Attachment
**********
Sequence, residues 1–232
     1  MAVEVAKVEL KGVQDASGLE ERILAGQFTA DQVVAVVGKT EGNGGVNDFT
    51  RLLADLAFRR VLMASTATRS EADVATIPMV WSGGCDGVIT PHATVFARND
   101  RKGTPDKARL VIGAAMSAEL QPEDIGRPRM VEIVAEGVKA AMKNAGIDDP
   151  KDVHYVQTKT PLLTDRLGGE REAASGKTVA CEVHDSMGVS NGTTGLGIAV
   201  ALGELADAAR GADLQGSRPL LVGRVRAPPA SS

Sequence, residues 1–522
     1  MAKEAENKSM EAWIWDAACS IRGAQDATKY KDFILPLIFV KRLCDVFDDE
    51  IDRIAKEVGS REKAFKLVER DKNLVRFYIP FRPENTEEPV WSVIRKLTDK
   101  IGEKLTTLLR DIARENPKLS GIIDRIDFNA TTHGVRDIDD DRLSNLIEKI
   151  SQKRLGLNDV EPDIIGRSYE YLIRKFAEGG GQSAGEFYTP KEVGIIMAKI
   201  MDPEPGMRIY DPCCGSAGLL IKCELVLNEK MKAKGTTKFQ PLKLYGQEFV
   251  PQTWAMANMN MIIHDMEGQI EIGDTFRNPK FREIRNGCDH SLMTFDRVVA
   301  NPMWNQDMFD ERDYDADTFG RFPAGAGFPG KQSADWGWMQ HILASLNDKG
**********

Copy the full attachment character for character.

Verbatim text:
Sequence, residues 1–232
     1  MAVEVAKVEL KGVQDASGLE ERILAGQFTA DQVVAVVGKT EGNGGVNDFT
    51  RLLADLAFRR VLMASTATRS EADVATIPMV WSGGCDGVIT PHATVFARND
   101  RKGTPDKARL VIGAAMSAEL QPEDIGRPRM VEIVAEGVKA AMKNAGIDDP
   151  KDVHYVQTKT PLLTDRLGGE REAASGKTVA CEVHDSMGVS NGTTGLGIAV
   201  ALGELADAAR GADLQGSRPL LVGRVRAPPA SS

Sequence, residues 1–522
     1  MAKEAENKSM EAWIWDAACS IRGAQDATKY KDFILPLIFV KRLCDVFDDE
    51  IDRIAKEVGS REKAFKLVER DKNLVRFYIP FRPENTEEPV WSVIRKLTDK
   101  IGEKLTTLLR DIARENPKLS GIIDRIDFNA TTHGVRDIDD DRLSNLIEKI
   151  SQKRLGLNDV EPDIIGRSYE YLIRKFAEGG GQSAGEFYTP KEVGIIMAKI
   201  MDPEPGMRIY DPCCGSAGLL IKCELVLNEK MKAKGTTKFQ PLKLYGQEFV
   251  PQTWAMANMN MIIHDMEGQI EIGDTFRNPK FREIRNGCDH SLMTFDRVVA
   301  NPMWNQDMFD ERDYDADTFG RFPAGAGFPG KQSADWGWMQ HILASLNDKG